So, folding in what I now take to be common interests around support for early education, economically disadvantaged students, and professional development for teachers, I have drafted a bill which comprehensively amends the statutes on funding and targets additional funding toward economically disadvantaged students. This bill also greatly increases transparency in state budgeting and educational spending.
Proficiency-based learning and school accountability
Earlier this month, I attended two conferences in Washington DC and met with staff from the offices of Senator King and Senator Collins to gain some national perspective on the new federal education regulations in this time of political flux.
Obviously, there is a great deal of national uncertainty about the policy implications of almost every aspect of the next presidency. So I conclude that, as a state, we should proceed with the opportunity that is currently offered to develop a state plan for education that meets Maine’s own established goals and which seeks to ensure equity of opportunity by our own measures.
It has been twenty years since Maine committed to a system of learning standards and, despite frequent policy distractions, our schools are now engaged in real transformational improvement. We owe it to our schools and hard-working teachers to represent learning achievement and school improvement on our own terms, not those designed narrowly in the service of federal compliance.
Last spring, over the governor’s veto, the legislature provided direction for a broader framework to measure and report on school success and to target support for school improvement.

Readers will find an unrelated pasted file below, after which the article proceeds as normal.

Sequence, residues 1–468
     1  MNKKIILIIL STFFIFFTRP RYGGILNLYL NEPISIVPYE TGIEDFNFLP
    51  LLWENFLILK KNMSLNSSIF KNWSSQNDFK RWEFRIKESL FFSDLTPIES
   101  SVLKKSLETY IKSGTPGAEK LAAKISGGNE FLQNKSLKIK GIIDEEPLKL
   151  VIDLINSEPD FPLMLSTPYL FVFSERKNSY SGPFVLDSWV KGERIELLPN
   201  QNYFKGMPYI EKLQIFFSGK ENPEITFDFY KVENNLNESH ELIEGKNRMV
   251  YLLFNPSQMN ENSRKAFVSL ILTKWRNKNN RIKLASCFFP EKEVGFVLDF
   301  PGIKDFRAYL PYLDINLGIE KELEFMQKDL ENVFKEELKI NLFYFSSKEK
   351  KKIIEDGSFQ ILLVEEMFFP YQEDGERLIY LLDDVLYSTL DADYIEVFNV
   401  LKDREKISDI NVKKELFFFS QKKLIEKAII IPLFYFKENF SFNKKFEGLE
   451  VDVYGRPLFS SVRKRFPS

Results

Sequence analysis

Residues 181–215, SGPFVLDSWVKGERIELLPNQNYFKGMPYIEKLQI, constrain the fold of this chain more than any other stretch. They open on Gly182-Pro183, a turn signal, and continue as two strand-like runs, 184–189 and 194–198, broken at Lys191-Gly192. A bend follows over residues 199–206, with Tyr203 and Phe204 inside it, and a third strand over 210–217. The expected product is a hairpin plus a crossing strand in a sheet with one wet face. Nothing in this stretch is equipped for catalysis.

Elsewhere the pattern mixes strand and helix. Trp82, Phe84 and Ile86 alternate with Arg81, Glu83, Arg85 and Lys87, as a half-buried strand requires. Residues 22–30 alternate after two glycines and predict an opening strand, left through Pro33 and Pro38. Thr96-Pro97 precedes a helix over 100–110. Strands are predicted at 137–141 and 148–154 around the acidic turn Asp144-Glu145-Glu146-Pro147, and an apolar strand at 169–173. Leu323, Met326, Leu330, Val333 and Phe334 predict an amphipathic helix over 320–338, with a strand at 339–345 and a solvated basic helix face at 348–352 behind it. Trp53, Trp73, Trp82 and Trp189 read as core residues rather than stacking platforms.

So far, the Department of Education’s progress on implementing this legislation and reconciling the federally-required accountability plan has been halting and opaque, largely because of current limits of leadership and capacity. But I intend to continue to follow this effort closely.
In addition to committee work on appropriations and education, I am submitting several other bill requests for the upcoming session.
Parity of access to lobster fishing
In response to concerns raised by our local lobster zone management council, I am submitting a bill which seeks parity of access for fishermen locally in Zone B and fishermen to the west in Zone C.
Local option tax
In response to regularly expressed local interest in having a municipal ability to adopt a seasonal sales tax on tourist services in support of municipal infrastructure, I am submitting An Act To Allow a Local Option Tax on Meals and Lodging.
Municipal support for renewable energy
As you know, I was disappointed last session when the negotiated utility-supported compromise on a rate structure which would support increased distributed solar-electric generation narrowly failed to overcome the governor’s veto.
While the next effort is still apparently stalled in the Public Utilities Commission, I do expect a number of solar bills to come forward this session. To complement that effort and in response to interest from MDI’s A Climate To Thrive initiative on energy independence, I will introduce An Act To Allow Municipalities to Adopt Property Tax Exemptions for Renewable Energy Installations which seeks to allow municipalities to exempt renewable energy installations from additional property tax assessments.